• Kablooey is an intriguing gun design, but it’s unlocked too late in the game to become familiar and requires too much patience to utilize. I used it against Vergil, but mostly as filler to accompany the real strategy of reflecting his own projectiles back at him, which yielded far more damage. Definitely a cool weapon for advanced combo construction though.
• Healthy mix of small troops, large threats, flying target practice, and unique enemy designs encountered in later stages. Not much to say about most of them; i think they worked well.
• Harpies were my least favorite enemies to encounter. They’re pretty damn tough to kill, and extremely annoying in groups with other enemies. The strategy to fight them is just very murky and one-at-a-time.
○ It would be more fun if there was some way to hurt the whole group at once, maybe by catching one of their (extremely painful) lances and causing a shockwave that stuns them or damages their wings.
○ I wonder if there was supposed to be another airborne enemy type which got cut, so a few extra gameplay elements were added to Harpies without giving them the full endgame enemy treatment. So now they’re in that middle zone of annoying to fight, but not quite respected. (This might be worth discussing further in another article.)
• Odd tangent, but i don’t understand the marketing strategy for DmC at all. Judging by trailers and commercials, i thought new Dante was a jackass. Everyone did, apparently.
○ Playing the game, i was shocked to find out that DmC Dante is one of the coolest, chillest, most likable protagonists in any action game – with a genuinely compelling story! He’s certainly more relatable than classic Dante. How did that get lost so completely?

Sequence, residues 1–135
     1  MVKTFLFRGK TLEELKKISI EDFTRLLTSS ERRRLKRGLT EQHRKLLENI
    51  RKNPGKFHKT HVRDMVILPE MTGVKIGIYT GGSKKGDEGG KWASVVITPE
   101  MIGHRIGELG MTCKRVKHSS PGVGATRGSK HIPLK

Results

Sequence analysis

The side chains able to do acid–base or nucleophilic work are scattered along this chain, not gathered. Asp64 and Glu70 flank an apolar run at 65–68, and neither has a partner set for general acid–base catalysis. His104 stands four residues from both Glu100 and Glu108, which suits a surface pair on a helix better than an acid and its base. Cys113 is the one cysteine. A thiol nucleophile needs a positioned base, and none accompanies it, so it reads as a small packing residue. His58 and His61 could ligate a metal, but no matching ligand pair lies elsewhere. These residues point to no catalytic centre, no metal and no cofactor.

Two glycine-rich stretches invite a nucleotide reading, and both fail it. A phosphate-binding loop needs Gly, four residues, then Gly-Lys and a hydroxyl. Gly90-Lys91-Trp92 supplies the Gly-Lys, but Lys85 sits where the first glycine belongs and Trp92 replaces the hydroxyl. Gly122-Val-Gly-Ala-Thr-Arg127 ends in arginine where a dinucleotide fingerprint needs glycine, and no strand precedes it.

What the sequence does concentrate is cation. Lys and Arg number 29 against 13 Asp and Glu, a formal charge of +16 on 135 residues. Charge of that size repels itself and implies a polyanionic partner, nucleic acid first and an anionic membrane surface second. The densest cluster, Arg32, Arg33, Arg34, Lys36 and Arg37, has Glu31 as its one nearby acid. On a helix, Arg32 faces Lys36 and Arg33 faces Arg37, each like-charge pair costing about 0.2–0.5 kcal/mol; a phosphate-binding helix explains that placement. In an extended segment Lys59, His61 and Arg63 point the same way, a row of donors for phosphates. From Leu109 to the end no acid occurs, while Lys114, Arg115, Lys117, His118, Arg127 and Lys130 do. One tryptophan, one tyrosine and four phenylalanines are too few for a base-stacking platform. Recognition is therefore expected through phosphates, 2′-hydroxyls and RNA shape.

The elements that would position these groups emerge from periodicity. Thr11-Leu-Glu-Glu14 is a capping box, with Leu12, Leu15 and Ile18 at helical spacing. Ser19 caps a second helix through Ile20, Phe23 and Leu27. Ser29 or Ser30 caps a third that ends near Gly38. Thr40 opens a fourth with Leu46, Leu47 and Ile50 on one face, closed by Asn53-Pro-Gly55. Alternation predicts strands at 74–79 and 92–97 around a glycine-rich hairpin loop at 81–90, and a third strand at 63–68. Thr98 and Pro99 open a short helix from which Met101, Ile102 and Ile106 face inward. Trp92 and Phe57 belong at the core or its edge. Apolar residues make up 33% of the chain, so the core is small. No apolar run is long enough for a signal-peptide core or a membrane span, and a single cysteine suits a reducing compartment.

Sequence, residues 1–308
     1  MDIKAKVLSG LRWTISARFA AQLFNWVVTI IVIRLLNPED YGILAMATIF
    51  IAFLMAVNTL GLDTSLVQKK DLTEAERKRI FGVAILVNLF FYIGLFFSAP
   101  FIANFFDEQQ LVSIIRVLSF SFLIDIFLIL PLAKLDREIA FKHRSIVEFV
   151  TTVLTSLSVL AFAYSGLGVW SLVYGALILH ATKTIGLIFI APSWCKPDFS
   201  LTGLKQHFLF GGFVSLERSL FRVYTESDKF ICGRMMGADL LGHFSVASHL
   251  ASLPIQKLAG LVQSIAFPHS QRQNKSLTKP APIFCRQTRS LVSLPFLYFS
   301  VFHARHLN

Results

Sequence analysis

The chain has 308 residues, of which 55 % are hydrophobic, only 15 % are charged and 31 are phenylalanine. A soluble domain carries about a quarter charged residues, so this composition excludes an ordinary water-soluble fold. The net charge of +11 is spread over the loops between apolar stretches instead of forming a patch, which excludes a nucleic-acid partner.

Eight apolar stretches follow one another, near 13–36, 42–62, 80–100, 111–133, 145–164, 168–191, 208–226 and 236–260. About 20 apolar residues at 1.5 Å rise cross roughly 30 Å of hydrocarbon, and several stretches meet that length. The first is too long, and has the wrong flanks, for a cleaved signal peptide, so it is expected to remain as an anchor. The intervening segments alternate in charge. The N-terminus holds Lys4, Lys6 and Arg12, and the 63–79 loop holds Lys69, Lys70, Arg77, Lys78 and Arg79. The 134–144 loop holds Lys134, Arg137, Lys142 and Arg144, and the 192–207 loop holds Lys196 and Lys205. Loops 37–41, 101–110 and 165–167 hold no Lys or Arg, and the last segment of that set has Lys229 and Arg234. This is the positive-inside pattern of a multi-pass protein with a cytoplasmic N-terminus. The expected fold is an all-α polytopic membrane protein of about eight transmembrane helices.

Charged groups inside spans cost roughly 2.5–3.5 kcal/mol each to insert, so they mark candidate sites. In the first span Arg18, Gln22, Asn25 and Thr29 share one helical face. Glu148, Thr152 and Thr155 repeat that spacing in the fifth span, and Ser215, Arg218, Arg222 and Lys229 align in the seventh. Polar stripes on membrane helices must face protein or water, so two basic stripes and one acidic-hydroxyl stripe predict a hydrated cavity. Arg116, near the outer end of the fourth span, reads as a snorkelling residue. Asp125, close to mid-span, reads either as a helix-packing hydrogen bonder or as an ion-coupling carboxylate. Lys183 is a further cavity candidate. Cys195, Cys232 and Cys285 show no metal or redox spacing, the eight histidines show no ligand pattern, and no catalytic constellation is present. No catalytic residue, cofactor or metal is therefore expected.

• Choosing the Succubus boss battle out of context for the playable demo was a terrible idea. Not only is she disgusting, but it’s easily the low point of the story, dialogue-wise. Just questionable decisions all around.
Vergil’s Downfall DLC
• Very interesting to play as Vergil through a solid 3-4 hours of content, with many new mechanics to explore.
• Vergil’s abilities seem more intricate than Dante’s, but there’s certainly a lot of power to unlock through precision. It’s fun to tackle some of the same demons with a different moveset, finding new ways past their patterns and defenses.
• Platforming is noticeably less polished than in the main game. A lot of it stems from giving Vergil an upward dash on neutral L1 and downward dash on neutral R1.
○ I don’t think i used the downward dash once all game, and i got killed dozens of times trying to get used to the upward dash controls. It takes an extra split second for the pad stick to return to neutral after letting go, which meant i got forward air dash while attempting an upward dash all the time.
○ Jumping forward then neutral dashing upward then forward dashing is such an unnatural input sequence.
○ This could’ve been easily remedied by keeping upward dash on the X button like Dante’s double jump, even if it meant mapping the same move to two inputs. Who cares about redundancy if it feels ten times better right out of the gate?
○ Anyway, platforming felt much better in my second playthrough after getting used to the controls. (Which is why it’s so difficult to avoid becoming comfortable with overcomplicated control schemes during long development cycles.)